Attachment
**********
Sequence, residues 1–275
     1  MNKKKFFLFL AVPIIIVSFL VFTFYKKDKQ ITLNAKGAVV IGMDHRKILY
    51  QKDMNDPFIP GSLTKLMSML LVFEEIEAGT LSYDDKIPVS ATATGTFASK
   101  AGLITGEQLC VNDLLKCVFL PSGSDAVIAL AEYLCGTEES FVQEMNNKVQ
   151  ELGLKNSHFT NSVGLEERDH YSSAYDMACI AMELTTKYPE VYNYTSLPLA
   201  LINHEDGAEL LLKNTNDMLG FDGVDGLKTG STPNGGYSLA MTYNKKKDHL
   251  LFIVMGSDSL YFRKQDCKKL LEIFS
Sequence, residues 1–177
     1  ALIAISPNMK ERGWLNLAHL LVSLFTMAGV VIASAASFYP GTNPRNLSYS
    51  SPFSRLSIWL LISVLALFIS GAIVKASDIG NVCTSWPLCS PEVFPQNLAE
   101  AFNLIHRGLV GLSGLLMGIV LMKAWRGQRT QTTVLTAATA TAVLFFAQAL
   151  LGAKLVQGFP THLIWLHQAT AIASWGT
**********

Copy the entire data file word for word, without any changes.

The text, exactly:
Sequence, residues 1–275
     1  MNKKKFFLFL AVPIIIVSFL VFTFYKKDKQ ITLNAKGAVV IGMDHRKILY
    51  QKDMNDPFIP GSLTKLMSML LVFEEIEAGT LSYDDKIPVS ATATGTFASK
   101  AGLITGEQLC VNDLLKCVFL PSGSDAVIAL AEYLCGTEES FVQEMNNKVQ
   151  ELGLKNSHFT NSVGLEERDH YSSAYDMACI AMELTTKYPE VYNYTSLPLA
   201  LINHEDGAEL LLKNTNDMLG FDGVDGLKTG STPNGGYSLA MTYNKKKDHL
   251  LFIVMGSDSL YFRKQDCKKL LEIFS
Sequence, residues 1–177
     1  ALIAISPNMK ERGWLNLAHL LVSLFTMAGV VIASAASFYP GTNPRNLSYS
    51  SPFSRLSIWL LISVLALFIS GAIVKASDIG NVCTSWPLCS PEVFPQNLAE
   101  AFNLIHRGLV GLSGLLMGIV LMKAWRGQRT QTTVLTAATA TAVLFFAQAL
   151  LGAKLVQGFP THLIWLHQAT AIASWGT